High performance in silico virtual drug screening on many-core processors

Simon N McIntosh-Smith, James R Price, Richard B Sessions, Amaurys Avila Ibarra

Research output: Contribution to journalArticle (Academic Journal)peer-review

53 Citations (Scopus)
531 Downloads (Pure)

Abstract

Drug screening is an important part of the drug development pipeline for the pharmaceutical industry. Traditional, lab-based methods are increasingly being augmented with computational methods, rang- ing from simple molecular similarity searches through more complex pharmacophore matching to more computationally intensive approaches, such as molecular docking. The latter simulates the binding of drug molecules to their targets, typically protein molecules. In this work, we describe BUDE, the Bristol University Docking Engine, which has been ported to the OpenCL industry standard paral- lel programming language in order to exploit the performance of modern many-core processors. Our highly optimized OpenCL implementation of BUDE sustains 1.43 TFLOP/s on a single NVIDIA GTX 680 GPU, or 46% of peak performance. BUDE also exploits OpenCL to deliver effective performance portability across a broad spectrum of different computer architectures from different vendors, includ- ing GPUs from NVIDIA and AMD, Intel’s Xeon Phi and multi-core CPUs with SIMD instruction sets.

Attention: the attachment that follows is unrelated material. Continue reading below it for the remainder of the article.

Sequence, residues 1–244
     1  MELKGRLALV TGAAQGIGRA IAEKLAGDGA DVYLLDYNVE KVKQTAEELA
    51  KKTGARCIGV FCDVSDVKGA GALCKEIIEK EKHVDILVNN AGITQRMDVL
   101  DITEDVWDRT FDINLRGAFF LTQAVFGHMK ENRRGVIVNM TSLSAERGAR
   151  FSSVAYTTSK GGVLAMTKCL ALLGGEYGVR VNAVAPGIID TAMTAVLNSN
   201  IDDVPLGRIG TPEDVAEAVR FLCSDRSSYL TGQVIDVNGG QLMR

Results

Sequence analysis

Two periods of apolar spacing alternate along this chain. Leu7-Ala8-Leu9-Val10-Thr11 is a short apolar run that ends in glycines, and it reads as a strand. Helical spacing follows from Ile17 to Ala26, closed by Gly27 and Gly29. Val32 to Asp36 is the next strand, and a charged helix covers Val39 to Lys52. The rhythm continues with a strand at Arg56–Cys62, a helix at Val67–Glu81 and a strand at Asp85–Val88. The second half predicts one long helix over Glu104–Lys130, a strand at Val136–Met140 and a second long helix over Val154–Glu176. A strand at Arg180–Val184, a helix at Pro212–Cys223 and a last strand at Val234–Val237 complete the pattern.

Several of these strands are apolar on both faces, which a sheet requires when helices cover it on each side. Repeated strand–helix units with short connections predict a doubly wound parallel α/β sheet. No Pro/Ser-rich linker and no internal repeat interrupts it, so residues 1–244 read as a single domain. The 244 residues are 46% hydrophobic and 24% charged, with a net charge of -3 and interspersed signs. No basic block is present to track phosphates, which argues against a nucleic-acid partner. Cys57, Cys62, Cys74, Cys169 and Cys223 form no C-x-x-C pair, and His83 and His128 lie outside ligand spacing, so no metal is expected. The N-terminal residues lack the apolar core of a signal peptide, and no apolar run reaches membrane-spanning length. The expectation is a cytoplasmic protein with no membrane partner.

Original languageEnglish
Pages (from-to)119-134
Number of pages16
JournalInternational Journal of High Performance Computing Applications
Volume29
Issue number2
Early online date9 Apr 2014
DOIs
Publication statusPublished - May 2015

Bibliographical note

BUDE is now one of the fastest HPC applications ever developed, and also one of the most performance portable ever reported in the literature, sustaining over 40% of peak performance across a diverse range of many-core computer architectures, such as GPUs, Xeon Phi, and even multi-core CPUs with wide vector instructions.

Keywords

  • molecular docking
  • in silico virtual drug screening,
  • many-core
  • GPU
  • OpenCL
  • performance portability

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